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Analysts see no hope for peaceBy Pajhwok Report Feb 14, 2013 - 19:29
KABUL (PAN): Political observers say the government lacks a proper mechanism to make peace with the rebels, as the US and Pakistan are working to protect their interests in the so-called negotiated settlement to the conflict."
The views were aired by participants of this week’s radio and TV programme, “Your Voice”, a joint initiative of the Killid media group and its partners -- Pajhwok Afghan News and Saba Media Organistaion -- within the newly-created Afghanistan Media Consortium.
Political commentator Faiz Mohammad Zaland said President Karzai and his American counterpart Barack Obama had agreed on talks with the insurgents through their proposed bureau in Qatar. The US wanted to bring new players into Afghanistan's politics through the Doha office, he said.
The government says it would recognise a Taliban address in Qatar if the insurgents are ready to arrive at the negotiation table with it.
But Zaland said the Taliban would not hold talks with the government because they believe they would be able seize power once foreigners have gone. Without elaborating.
On Maulana Fazl Rehman, a senior Pakistani political and religious leader's visit to Qatar to attend peace parleys between Taliban, Afghan and US officials, Zaland said the Jamiat-i-Ulema Islam leader has been a preferred choice for such gatherings by the Pakistani government and the Taliban.
"The Taliban believe the Maulana can better protect their interests and can better represent them in such talks," the political analyst said. Rahman has the potential to bring Taliban representatives to the negotiation table because he had a key role in their creation, he said.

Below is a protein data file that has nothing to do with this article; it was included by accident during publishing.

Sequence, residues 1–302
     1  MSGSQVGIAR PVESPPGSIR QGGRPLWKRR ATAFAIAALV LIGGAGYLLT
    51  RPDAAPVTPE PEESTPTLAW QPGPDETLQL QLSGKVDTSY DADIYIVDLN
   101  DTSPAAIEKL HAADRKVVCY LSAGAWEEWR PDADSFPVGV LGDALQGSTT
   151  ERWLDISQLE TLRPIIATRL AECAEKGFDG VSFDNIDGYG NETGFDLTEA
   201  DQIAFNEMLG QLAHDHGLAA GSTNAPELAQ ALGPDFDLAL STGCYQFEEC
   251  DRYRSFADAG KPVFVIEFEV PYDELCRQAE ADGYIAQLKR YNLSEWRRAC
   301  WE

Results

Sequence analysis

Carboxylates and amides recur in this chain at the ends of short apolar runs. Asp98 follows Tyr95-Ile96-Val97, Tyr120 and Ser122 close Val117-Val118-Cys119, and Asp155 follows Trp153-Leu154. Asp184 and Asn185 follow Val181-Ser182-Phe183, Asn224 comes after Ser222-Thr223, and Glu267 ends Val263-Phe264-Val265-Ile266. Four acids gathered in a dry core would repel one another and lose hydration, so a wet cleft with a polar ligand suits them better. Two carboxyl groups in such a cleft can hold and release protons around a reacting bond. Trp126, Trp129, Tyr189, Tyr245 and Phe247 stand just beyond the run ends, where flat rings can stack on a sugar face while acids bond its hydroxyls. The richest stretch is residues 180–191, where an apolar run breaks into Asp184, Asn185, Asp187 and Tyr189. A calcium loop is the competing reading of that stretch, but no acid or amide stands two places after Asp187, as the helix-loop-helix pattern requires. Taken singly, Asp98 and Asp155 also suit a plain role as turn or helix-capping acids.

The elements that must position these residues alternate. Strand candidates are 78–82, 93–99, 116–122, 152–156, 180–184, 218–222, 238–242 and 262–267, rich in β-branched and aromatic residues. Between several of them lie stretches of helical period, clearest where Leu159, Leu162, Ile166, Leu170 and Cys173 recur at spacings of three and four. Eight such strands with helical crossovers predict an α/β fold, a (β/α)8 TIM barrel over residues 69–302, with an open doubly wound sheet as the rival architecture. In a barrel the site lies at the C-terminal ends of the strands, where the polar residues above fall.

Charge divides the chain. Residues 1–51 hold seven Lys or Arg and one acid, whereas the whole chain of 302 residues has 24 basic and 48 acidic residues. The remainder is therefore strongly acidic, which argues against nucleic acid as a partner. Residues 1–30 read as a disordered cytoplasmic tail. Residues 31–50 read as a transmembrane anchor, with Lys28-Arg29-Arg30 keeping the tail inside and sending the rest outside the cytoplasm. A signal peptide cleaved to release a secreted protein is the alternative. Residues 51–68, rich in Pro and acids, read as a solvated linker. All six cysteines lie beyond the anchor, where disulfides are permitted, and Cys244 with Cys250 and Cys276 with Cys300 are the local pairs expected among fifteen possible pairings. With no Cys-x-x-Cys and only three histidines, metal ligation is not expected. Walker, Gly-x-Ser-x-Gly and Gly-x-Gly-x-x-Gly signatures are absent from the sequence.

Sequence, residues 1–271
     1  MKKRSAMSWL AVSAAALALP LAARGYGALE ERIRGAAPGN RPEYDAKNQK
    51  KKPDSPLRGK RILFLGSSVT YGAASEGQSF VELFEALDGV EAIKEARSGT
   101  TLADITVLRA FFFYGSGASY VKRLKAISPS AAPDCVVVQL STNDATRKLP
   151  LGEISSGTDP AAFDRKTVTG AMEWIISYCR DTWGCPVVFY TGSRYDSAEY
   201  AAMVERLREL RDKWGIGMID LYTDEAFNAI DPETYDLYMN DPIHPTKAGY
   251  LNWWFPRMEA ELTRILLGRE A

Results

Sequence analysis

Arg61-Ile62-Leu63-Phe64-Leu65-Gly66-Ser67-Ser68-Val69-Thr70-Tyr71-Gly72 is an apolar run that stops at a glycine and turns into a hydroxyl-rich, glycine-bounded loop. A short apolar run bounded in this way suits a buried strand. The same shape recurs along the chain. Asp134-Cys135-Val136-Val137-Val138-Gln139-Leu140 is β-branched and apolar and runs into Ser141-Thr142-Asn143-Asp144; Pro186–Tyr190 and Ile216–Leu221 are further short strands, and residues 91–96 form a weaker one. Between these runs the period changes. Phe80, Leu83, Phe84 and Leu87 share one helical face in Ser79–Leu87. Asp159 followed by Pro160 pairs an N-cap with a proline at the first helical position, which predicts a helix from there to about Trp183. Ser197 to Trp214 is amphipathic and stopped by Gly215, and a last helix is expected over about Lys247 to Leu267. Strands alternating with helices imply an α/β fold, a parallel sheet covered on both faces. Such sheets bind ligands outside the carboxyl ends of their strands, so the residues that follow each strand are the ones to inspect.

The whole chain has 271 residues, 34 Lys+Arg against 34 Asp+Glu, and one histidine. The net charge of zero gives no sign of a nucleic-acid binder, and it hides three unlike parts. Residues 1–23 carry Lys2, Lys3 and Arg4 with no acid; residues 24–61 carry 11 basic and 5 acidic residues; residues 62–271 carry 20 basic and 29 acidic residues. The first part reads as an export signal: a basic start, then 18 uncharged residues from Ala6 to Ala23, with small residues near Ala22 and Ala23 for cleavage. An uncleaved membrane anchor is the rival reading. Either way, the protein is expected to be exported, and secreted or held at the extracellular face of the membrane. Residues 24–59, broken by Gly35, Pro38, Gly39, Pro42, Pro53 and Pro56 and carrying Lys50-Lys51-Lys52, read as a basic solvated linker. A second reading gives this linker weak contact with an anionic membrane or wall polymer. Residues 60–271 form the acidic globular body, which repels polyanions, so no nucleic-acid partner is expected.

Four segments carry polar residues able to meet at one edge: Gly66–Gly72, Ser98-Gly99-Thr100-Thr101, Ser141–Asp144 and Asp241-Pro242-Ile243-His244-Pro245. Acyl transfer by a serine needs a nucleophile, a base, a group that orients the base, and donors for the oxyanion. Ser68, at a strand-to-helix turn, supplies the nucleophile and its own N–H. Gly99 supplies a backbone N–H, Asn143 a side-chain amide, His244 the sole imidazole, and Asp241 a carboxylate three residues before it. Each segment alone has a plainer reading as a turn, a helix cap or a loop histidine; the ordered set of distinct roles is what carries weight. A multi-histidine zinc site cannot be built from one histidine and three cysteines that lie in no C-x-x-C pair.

On possible release of remaining Afghan Taliban prisoners by Pakistan, Zaland said the country wanted to stem unrest at home by releasing Taliban leaders. Islamabad has not arrested Taliban commanders who have huge stakes in the Afghan insurgency, but it detained those going against its policies.
He believed peace could be achieved in Afghanistan if the interests of Pakistan, Iran and the US were protected. He suggested the current mechanism of peace parleys should be wound up and individuals like Ashraf Ghani Ahmadzai and Ali Ahmad Jalali should be engaged in the process.
Taking part in the debate, Hashmat Ghani Ahmadzai said it seemed impossible for the incumbent government to make peace with the rebels who neither recognise the constitution nor willing to take part in elections.
He said President Karzai would agree to a peace deal that safeguards his future and stay in power, while the US wants to achieve a face-saving end to its 11-year-old war in cooperation with Pakistan in order to drawdown its forces from Afghanistan.
"If at this crucial stage, relations between the US and Pakistan deteriorate, Afghanistan would turn into another Vietnam," the political analysts warned.
Ahmadzai said President Hamid Karzai had requested Maulana Fazl Rahman many times to assist his government talks with the Taliban. Pakistan and Afghanistan want the release of all Taliban inmates who could create problems for the two countries.
Military affairs expert Mohammad Omar Sapi said the history was witness to the fact that peace plans designed outside the country had never been successful to bring durable peace. The peace process could succeed only when led by the Afghans, he said.